Read the rest of the Swingers series.
No one doubts that Barack Obama will win California by a double-digit margin this year. In some northern counties, he may well hit 90 percent. Yet politics in this nonswing blue state still defy prediction. California's 2008 ballot is a thicket of closely contested, closely watched social issues. And on some of the biggest questions, blue voters—in one case, the very same voters that Obama is counting on—look ready to swing red.
Among other state initiatives, Californians will vote on a measure to ban gay marriage; to require parental notification for abortions for minors; and to institute a program of rehabilitation, rather than incarceration, for nonviolent drug offenders. Even the beasts have a stake in the election: Proposition 2 requires that cows, pigs, chickens, and other farm animals "be allowed, for the majority of the day, to fully extend their limbs or wings, lie down, stand up and turn around." (The New York Times has come out in favor of the measure, while a number of local papers, including the Los Angeles Times, oppose it on grounds that it'll damage the state's huge agriculture industry.) In surveys, a large majority of voters say they'll pull the lever in the animals' favor.
But on the question of whether human beings will be allowed to lie down and extend their limbs with whomever they please, Californians are much more uncertain. In 2000, residents voted overwhelmingly to ban same-sex marriage. The state Supreme Court struck down that initiative this spring, saying such a ban required a change to the state constitution, and gay couples up and down the coast have been marrying ever since. Now comes Proposition 8, which would enshrine a ban on same-sex marriage into the California Constitution.
Early polls showed the measure tanking. Liberals were buoyed: Not only were they going to win the White House; they would also see their neighbors repudiate the 2000 vote and embrace an unmistakably libertine (if not strictly "liberal") social policy. But over the last month, proponents of Proposition 8 have pulled in more campaign cash (40 percent of it from Mormons) and launched an aggressive TV ad campaign. Now the anti-gay-marriage measure looks likely to pass. Says Yvette Martinez, political director of No on 8: "I think maybe we got a little complacent."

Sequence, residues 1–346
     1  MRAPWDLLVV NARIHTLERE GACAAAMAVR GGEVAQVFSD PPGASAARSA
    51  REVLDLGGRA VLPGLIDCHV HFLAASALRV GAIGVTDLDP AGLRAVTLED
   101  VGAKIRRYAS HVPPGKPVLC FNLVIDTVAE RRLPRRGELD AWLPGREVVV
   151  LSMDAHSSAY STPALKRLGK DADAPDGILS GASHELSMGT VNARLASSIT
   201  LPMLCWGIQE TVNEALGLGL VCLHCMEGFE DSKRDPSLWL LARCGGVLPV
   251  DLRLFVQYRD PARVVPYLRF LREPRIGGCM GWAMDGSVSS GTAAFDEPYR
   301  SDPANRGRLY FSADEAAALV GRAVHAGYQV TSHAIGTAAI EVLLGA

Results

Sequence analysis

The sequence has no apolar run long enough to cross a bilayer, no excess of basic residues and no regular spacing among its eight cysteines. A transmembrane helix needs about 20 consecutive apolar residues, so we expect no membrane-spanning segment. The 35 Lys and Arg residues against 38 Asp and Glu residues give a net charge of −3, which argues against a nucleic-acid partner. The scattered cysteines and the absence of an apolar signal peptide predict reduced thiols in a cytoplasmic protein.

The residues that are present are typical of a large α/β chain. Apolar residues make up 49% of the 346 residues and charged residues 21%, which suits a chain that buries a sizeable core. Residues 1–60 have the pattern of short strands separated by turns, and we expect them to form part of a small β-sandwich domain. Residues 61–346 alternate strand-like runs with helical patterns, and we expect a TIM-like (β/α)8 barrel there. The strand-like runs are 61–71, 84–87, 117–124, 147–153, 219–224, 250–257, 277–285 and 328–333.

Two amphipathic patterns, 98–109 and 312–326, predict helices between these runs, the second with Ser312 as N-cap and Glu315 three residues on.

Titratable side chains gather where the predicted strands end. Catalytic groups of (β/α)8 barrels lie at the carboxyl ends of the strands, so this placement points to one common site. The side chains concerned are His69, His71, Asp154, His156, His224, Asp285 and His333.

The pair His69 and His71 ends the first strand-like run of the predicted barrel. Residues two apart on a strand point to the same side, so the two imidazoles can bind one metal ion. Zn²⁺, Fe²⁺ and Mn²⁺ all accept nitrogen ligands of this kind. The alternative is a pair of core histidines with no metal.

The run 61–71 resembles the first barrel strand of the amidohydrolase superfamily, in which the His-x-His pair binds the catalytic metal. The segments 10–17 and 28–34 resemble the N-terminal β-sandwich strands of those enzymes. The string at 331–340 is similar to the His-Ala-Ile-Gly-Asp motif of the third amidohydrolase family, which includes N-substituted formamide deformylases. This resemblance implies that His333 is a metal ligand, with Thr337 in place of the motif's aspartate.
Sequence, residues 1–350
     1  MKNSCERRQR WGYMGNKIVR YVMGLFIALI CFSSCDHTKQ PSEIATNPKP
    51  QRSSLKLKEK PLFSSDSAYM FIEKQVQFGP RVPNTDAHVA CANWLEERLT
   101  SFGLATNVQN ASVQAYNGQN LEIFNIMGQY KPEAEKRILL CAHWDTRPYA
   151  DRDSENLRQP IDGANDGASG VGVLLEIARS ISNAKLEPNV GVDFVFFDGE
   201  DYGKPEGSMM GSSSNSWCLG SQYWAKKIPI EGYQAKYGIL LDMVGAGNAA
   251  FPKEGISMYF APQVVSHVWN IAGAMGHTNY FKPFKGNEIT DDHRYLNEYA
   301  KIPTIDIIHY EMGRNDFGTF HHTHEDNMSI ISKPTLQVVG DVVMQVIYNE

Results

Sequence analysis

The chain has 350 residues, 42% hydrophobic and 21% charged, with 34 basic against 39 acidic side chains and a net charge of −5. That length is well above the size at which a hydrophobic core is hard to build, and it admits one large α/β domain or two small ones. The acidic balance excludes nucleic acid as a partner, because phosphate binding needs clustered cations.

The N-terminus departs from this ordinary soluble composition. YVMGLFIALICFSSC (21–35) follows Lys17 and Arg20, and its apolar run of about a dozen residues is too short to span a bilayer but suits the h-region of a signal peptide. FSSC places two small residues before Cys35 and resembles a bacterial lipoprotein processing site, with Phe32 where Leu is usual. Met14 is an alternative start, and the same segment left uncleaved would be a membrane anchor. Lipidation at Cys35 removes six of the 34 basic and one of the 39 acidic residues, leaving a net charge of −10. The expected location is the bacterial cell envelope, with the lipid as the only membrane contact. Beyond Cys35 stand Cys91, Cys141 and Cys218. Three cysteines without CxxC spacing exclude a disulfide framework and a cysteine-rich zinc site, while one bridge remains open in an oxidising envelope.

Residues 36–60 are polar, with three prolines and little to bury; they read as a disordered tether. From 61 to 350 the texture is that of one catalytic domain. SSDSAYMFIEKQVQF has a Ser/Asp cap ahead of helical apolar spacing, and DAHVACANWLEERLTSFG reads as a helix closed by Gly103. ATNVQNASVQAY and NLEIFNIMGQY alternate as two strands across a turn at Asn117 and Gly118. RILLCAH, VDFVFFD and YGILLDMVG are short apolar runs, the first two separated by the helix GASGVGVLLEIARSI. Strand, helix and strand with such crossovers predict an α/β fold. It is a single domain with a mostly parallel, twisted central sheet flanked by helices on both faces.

There's an interesting demographic wrinkle to the debate over Proposition 8. Obama has come out against the measure—but his supporters are another matter. The Democrat is expected to bring a surge of black and Latino voters to the polls on Election Day. This spells trouble for gay marriage; in some surveys (PDF), minority voters have expressed much greater support for banning same-sex marriage than have whites. Chip White, a spokesman for the pro-Proposition 8 campaign, stopped short of saying that Obama's presence on the ballot will help the measure. But he did point out that the campaign plans a big push in minority communities, especially through churches and other religious networks. "Traditional marriage initiatives have historically been supported by African-Americans," he says. "We think this one will be no different."
Martinez of the anti-Proposition 8 campaign, meanwhile, says that her side has also begun to tap minority communities, and several prominent black ministers as well as La Opinión, the large Spanish-language Los Angeles daily, oppose the gay-marriage ban. Still, Martinez concedes, minority voters could be a problem. "We think these communities have to hear our message a little stronger," she says.
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